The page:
JOHANNESBURG (Reuters) - Glencore has provisionally agreed to sell its troubled South African coal mine for 2.15 billion rand ($136 million), narrowly avoiding closing the operation and saving hundreds of jobs, the unit's business rescue practitioners said on Friday.
The Optimum Coal Mine went into business rescue, or protection from creditors, in August after a slide in coal prices meant it was selling coal to power utility Eskom [ESCJ.UL], its main customer, for less than the cost of production.
It is one of many Glencore-owned assets that have been hit by the slump in commodities prices, forcing the Swiss-based mining and trading company to revamp its global business.
South Africa's business rescue law, similar to chapter 11 in the United States, allows a financially distressed company to temporarily delay creditors' claims against it or its assets.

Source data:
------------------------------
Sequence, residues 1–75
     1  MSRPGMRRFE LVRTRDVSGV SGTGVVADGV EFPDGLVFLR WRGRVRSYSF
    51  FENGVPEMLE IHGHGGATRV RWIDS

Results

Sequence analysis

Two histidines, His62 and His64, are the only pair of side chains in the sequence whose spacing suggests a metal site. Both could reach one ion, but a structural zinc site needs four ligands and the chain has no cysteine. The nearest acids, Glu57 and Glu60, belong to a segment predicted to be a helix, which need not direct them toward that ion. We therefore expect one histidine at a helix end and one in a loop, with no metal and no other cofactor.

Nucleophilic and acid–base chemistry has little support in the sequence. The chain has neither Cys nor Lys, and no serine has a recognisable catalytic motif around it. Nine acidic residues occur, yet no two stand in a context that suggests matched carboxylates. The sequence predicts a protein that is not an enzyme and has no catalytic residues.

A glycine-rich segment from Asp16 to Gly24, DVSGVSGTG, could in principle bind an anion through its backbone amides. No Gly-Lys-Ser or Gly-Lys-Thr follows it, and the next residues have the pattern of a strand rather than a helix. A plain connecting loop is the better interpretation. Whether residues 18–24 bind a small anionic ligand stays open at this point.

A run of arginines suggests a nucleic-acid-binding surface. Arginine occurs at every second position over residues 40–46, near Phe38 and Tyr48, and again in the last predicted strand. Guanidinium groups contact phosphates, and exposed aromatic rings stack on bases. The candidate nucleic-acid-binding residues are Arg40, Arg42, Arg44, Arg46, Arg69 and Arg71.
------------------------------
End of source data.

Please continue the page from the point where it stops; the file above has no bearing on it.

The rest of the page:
Proceeds from the planned sale of Optimum to South Africa's Tegeta Exploration and Resources will be used to pay down part of Optimum's 2.55 billion rand debt and Glencore will pay the balance, the practitioners said in a statement.
The sale saved 500 jobs that were potentially going to be cut with the closure of the mine.
Optimum produces 10 million tonnes of coal annually, half of which is sold to Eskom.
The deal is subject to approval from the mines ministry, the competition watchdog and the final adoption of a business rescue plan for Optimum.
The deal will be effective from Jan. 1 with the business rescue proceedings due to be completed by the end of February 2016.
Tageta owns two mining rights for coal and has prospecting rights in four provinces in South Africa.
(Reporting by Zandi Shabalala; Editing by Susan Fenton)